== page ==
Russian jets have had a series of close encounters with American and Turkish aircraft. Western officials have called the situation dangerous and see a risk of conflict in Middle Eastern skies. Spencer Kimball reports.
German Foreign Minister Frank-Walter Steinmeier said he is concerned. Russian and American warplanes are both operating in an active war zone, at times in close proximity to one another. But they are not members of the same coalition and their goals are in many ways in conflict.
"We must urgently warn Russia and the US not to conduct their respective military engagements in such a way that a conflict breaks out between Russia and the US," Steinmeier said on Wednesday.
Moscow and Washington's warplanes came within kilometers of each other over the weekend. According to Russian Defense Ministry spokesman Igor Konashenkov, the Russian pilot was trying to identify the US aircraft and the maneuver was not meant to be threatening. Konashenkov said it wasn't the first time such an incident had occurred.
Col. Steven Warren, a spokesman for the US-led coalition, said both pilots "conducted themselves appropriately" under the circumstances. But he expressed concern about the potential for run-ins.
"It's dangerous if two sets of aircraft come into the same piece of airspace without very clear, laid-out protocols for the safety of all involved, which is why we've sat down with the Russians to establish some safety protocols," Warren said.
On Wednesday, Russian and American officials held a third-round of talks to set out the rules of the road for operating over Syria with the AFP news agency quoting one US participant saying an agreement was likely "in the coming days."
The risk of US and Russian warplanes having a run-in is exaggerated, according to Mark Galeotti, an expert on Russia and national security at New York University. After all, Syrian President Bashar al-Assad regime's air force has operated in close proximity to American aircraft but their have been no serious incidents between those jets - and they did not attempt to coordinate their movements, he added.
"This is something that both sides have a reason to play up," Galeotti told DW. "The Russians because they're trying to make sure the Americans talk to them. The Americans because they want to make it clear how the Russians have been courting danger."
Galeotti said the dangers lie elsewhere. Russian warplanes have violated Turkish airspace twice. Moscow blamed the first incident on bad weather conditions. Ankara has warned that it will respond to violations of its airspace. Turkey is a NATO member covered by the alliance's collective defense clause.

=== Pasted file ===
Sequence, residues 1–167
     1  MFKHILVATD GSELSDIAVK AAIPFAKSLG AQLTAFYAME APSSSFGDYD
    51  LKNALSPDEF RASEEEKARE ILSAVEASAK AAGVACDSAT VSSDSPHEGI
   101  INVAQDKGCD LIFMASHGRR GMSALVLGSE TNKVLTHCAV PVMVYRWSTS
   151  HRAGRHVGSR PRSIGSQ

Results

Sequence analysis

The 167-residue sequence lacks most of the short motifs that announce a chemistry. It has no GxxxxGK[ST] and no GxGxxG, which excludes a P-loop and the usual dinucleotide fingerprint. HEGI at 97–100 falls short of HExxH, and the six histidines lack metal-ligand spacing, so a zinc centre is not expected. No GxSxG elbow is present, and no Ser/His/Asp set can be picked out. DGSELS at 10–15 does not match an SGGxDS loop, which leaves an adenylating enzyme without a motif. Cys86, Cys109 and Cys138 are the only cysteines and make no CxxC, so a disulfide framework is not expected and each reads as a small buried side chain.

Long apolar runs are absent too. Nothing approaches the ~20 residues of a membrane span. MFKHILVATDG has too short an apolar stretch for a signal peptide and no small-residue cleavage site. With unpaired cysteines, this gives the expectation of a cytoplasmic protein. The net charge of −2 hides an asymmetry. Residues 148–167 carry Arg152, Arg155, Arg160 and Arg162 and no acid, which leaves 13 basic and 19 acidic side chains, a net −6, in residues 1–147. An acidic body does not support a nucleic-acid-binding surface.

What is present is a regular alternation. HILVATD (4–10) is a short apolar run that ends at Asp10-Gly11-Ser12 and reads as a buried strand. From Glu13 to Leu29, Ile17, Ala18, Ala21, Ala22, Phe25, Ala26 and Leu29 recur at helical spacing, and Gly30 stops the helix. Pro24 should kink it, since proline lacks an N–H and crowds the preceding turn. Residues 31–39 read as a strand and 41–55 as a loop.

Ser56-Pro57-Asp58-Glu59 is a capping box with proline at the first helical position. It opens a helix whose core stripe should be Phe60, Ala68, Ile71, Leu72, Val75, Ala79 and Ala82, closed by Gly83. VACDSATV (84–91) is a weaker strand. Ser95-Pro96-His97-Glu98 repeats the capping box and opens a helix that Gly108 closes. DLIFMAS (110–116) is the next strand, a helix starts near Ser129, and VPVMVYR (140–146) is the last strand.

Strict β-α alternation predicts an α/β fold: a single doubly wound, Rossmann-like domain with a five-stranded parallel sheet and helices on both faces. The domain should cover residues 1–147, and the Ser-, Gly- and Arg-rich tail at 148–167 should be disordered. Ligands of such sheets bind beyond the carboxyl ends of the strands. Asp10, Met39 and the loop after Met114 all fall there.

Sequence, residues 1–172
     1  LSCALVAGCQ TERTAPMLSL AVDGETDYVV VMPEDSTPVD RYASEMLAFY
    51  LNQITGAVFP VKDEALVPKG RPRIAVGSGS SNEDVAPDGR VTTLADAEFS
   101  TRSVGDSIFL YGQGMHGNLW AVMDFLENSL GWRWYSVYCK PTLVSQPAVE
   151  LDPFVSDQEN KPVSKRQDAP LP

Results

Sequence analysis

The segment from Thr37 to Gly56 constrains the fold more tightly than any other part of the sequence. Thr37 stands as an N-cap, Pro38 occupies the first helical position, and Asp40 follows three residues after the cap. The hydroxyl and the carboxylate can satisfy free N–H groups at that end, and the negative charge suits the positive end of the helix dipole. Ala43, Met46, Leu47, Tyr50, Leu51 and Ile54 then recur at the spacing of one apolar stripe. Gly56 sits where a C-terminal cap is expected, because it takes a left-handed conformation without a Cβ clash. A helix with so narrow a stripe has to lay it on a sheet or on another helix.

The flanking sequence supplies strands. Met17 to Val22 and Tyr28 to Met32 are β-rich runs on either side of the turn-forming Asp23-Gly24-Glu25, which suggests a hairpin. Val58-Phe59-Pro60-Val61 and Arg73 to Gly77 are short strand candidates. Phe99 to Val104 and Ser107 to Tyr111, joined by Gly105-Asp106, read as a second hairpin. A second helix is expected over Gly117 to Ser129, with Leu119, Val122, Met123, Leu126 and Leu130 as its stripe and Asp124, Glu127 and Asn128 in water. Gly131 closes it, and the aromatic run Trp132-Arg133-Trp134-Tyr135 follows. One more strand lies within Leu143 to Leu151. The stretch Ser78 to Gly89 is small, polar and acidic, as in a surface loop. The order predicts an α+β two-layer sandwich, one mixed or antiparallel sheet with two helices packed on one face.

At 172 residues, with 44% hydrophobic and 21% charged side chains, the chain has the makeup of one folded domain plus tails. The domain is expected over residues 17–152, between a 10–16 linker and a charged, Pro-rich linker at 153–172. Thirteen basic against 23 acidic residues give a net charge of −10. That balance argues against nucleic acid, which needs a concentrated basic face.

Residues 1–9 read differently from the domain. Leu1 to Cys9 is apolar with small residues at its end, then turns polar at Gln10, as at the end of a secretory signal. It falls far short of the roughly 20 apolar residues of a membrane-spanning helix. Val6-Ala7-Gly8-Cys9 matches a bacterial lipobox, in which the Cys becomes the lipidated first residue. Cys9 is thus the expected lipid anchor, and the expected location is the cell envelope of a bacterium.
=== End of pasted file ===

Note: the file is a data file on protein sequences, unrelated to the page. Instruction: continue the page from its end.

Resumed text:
"They must have been flying very close to Turkish airspace knowingly to have accidentally strayed over," Galeotti said. "Whereas the Americans have a high level of restraint and command-and-control, with the Turks it's not so clear that they would actually think carefully before doing something."
British warplanes are participating in the US-led coalition conduction airstrikes against the "Islamic State" in Iraq. The RAF is not conducting operations in Syria. Russia, for its part, is operating in Syrian airspace but not in Iraq.
Two wars, one battlespace
According to Galeotti, while there's tension between Russia and the United States in Syria, they're not yet directly confronting each other. Moscow is primarily targeting anti-regime insurgents, including those supported by the United States. But Washington has placed greater emphasis on fighting the "Islamic State" than taking down the Assad regime and rescuing the rebels it supports.
"In some ways, it's this perverse situation where there's actually two separate wars being fought in the same battlespace," Galeotti said. "That's something that is absolutely new."
Russian President Vladimir Putin isn't satisfied with holding limited talks aimed only at avoiding collisions in Syria's skies. He wants Washington to coordinate airstrikes with Moscow and bring the two wars together.
"They want tactics, intel sources and methods and information," Stephen Blank, an expert on Russia at the American Council on Foreign Policy, told DW. "It's just not going to happen. American officials have no reason to trust Moscow after everything that has happened.
"They are not going to give Russia the kind of information that Russia wants to target our allies," Blank said.